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A Public Health emergency — Chronic Obstructive Pulmonary Disease

As morbidity and mortality due to chronic respiratory diseases continues to increase. We spotlight the causes and symptoms of COPD.

Chronic respiratory disease, of which COPD is the most common, is oft regarded as a self-inflicted disease whose prevalence is waning due to declining rates of both smoking and occupational exposure to dusts and fumes. The reality is the opposite.

The Lancet highlights (“Towards the elimination of Chronic Obstructive Pulmonary Disease — a Lancet Commission, 17 September 2022), that despite the identification of cigarette smoking as a major risk factor some 50 years ago and substantial progress in reducing the global impact of many non-communicable diseases such as heart disease and cancer, “morbidity and mortality due to chronic respiratory diseases continues to increase”.

Measured between 1990 and 2017, rates have increased by 40 %, with chronic respiratory disease now the third leading cause of death globally. COPD affects over 300 million people around the world and is responsible for 3.3 million deaths annually.

The Health and Safety Executive (HSE) Summary Statistics published in December 2021, link past occupational exposures to dust and fumes with an estimated 12,000 deaths each year in the UK.

The Commission Report describes many factors which they say have contributed to a “Public Health Emergency” which include a failure to limit the sale/consumption of tobacco, exposure to occupational and environmental pollution and an ageing global population.

Diagnosis and treatment unchanged

Describing diagnostic approaches as “unchanged for decades” the Commission criticises the (over) reliance on spirometry as too insensitive to detect early pathological changes — meaning by the time the condition has been diagnosed, it has become irreversible. 

The Report also highlights how research into COPD is underfunded compared to other diseases (120 million dollars, compared to 338 million dollars for asthma) and concludes that treatment therapies are often the same for all patients regardless of the pathology.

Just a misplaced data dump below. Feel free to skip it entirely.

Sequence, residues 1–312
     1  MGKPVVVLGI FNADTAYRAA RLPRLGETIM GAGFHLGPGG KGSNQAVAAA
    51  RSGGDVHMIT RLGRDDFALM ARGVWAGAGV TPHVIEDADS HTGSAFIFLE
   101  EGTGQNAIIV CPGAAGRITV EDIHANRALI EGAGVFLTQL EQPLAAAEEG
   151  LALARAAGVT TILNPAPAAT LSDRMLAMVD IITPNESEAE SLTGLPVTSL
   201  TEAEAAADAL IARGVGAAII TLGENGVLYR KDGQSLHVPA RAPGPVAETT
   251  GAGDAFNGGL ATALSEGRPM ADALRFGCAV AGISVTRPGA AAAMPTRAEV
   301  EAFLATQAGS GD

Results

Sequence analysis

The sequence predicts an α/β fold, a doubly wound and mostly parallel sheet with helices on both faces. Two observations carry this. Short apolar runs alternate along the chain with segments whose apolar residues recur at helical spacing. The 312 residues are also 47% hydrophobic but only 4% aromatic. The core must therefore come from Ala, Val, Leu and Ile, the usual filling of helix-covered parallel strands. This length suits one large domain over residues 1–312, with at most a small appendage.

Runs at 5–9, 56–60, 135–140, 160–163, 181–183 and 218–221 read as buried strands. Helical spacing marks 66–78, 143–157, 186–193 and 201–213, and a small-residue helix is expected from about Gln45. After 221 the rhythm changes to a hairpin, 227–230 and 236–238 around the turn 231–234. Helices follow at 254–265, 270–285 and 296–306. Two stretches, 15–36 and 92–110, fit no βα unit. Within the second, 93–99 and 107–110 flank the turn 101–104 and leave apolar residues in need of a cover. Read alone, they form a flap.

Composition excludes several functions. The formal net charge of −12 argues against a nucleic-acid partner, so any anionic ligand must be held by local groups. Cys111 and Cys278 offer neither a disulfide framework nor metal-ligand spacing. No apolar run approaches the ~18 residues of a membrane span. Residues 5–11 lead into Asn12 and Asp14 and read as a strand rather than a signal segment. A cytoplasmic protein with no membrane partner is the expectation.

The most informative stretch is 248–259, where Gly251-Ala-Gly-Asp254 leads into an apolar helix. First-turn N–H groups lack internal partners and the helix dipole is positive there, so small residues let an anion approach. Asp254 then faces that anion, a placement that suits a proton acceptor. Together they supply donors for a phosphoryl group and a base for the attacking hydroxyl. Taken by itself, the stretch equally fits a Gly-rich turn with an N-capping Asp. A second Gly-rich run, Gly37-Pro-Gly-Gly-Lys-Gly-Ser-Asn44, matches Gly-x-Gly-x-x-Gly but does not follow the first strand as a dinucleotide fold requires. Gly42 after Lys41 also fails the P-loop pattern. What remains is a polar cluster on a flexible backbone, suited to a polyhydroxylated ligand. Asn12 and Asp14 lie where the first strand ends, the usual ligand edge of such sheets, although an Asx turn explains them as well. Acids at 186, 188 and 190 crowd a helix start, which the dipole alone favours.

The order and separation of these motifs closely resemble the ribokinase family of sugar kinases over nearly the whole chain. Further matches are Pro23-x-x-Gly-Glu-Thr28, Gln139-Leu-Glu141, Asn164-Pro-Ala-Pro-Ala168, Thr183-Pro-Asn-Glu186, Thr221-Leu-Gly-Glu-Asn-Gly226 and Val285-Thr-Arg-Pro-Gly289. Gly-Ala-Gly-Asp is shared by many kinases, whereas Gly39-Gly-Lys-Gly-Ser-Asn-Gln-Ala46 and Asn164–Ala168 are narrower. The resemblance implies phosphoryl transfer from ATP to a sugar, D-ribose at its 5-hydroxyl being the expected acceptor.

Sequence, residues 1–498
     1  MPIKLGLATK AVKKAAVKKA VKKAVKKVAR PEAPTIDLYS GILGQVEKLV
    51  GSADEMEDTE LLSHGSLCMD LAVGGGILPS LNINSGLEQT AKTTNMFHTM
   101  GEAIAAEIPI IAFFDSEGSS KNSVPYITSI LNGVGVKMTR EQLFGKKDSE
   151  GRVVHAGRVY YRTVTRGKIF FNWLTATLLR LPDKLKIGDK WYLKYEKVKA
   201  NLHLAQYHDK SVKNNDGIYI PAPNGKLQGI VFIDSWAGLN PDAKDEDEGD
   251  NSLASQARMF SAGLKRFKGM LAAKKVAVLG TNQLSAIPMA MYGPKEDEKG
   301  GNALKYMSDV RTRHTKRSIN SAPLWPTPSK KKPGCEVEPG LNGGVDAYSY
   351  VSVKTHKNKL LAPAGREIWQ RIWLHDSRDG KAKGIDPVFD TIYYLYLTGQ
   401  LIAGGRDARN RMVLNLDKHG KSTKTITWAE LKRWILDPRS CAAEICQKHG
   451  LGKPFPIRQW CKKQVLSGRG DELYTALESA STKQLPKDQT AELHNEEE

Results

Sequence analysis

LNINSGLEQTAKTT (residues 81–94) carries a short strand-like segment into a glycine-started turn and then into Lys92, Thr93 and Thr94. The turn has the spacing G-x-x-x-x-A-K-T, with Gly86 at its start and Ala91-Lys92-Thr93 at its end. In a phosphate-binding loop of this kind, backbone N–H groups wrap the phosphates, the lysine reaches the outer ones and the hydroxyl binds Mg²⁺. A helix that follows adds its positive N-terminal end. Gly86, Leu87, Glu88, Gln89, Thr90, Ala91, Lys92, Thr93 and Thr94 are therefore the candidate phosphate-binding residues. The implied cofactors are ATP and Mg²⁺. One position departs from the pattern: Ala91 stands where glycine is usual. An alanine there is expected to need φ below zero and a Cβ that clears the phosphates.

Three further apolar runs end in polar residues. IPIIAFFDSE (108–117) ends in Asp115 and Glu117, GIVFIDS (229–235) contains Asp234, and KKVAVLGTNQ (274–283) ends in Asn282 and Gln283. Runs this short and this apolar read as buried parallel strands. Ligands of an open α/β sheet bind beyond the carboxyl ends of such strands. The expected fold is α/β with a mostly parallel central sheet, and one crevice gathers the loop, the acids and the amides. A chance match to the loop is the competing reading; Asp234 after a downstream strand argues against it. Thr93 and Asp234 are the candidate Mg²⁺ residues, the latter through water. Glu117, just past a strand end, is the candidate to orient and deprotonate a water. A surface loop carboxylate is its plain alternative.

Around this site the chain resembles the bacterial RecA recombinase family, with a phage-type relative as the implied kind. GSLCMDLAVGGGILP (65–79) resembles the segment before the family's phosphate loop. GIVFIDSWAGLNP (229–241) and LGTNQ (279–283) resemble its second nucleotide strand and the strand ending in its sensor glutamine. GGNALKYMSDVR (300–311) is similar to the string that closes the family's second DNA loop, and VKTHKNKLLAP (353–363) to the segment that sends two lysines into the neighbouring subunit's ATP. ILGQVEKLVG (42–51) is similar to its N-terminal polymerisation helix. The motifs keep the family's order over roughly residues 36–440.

COPD — causes and symptoms

COPD is caused by multiple risk factors which will interact and co-exist throughout life. While cigarette smoking is a primary cause, not all smokers develop COPD and between 20% and 30% of all COPD patients are “never smokers”.

Other causes include occupational exposures to dust, gases and fume, air pollution and respiratory incidents which have occurred early in life leading to compromised respiratory function. 

Common symptoms include dyspnoea (shortness of breath), chronic cough, exercise intolerance and episodic flare-ups of respiratory symptoms (exacerbations). Not only does COPD cause direct physical and financial cost to the patient in compromised/lost employment, but it imposes on others the need to care for those with the greatest respiratory disability.

The Commission; it's objectives and recommendations

The Commission sets its aim to eliminate the disease by challenging “the accepted dogma and the general debate” as “wholesale rethinking of COPD is needed”.

They propose to do this by:

  • Gaining a better understanding of risk factors.
  • Avoiding future cases by identifying pathological changes earlier by a more inclusive diagnosis.
  • Banning smoking in all its forms.
  • Categorising COPD into five main risk factors: genetics, early life events, pulmonary infections. tobacco smoke exposure and pollution
  • Personalising prevention and treatment strategies.
  • Investing in curative and regenerative therapies.
  • Launching public health strategies around smoking and clean air.


Whilst the continuing decline in adult smoking rates will help reduce the burden of COPD, it will be insufficient on its own to eliminate the disease. It is perhaps surprising given the advances we have seen in other areas of medicine, that both diagnosis (through spirometry) and treatment strategies have remained largely unchanged for several decades. 

The Commission’s emphasis and recommendations — which have parallels with the approach taken to tackling hypertension during the 1970’s -represent a holistic solution to the problem — prevention, early diagnosis and personalised treatment strategies to sit alongside public health campaigns.

The call for all forms of smoking to be outlawed — to follow the recent example set by New Zealand — may be seen as ‘extreme’, or an attack on personal freedom. However in the context of the global impact of Chronic Respiratory Conditions, it may in time, be viewed as both necessary and proportionate.

Contact our expert team for guidance regarding COPD or for advice on handling occupational disease claims